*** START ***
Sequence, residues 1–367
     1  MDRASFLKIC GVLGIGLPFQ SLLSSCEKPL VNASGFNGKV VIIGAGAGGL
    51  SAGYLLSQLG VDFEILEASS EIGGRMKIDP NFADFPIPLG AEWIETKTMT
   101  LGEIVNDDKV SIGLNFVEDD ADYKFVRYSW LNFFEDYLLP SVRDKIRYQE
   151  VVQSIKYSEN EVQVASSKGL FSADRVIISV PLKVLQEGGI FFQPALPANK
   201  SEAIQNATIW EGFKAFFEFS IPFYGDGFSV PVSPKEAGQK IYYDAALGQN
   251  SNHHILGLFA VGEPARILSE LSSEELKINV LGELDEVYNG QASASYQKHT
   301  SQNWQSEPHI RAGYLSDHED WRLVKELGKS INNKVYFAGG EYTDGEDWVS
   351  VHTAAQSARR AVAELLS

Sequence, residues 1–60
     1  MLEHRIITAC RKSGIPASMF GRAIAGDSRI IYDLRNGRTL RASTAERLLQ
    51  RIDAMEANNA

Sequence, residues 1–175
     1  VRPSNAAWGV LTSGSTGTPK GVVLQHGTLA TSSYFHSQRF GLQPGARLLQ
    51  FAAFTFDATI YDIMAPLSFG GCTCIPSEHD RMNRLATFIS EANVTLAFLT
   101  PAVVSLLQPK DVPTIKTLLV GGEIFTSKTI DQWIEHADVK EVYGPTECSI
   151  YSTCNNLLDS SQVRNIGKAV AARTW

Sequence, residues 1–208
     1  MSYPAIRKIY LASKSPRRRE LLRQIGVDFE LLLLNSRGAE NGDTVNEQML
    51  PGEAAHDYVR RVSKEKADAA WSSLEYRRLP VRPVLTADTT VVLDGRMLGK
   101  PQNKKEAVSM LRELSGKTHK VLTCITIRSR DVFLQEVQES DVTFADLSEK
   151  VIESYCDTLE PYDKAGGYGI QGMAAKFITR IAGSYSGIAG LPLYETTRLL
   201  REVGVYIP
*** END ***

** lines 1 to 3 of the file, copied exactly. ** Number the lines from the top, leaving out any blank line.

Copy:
Sequence, residues 1–367
     1  MDRASFLKIC GVLGIGLPFQ SLLSSCEKPL VNASGFNGKV VIIGAGAGGL
    51  SAGYLLSQLG VDFEILEASS EIGGRMKIDP NFADFPIPLG AEWIETKTMT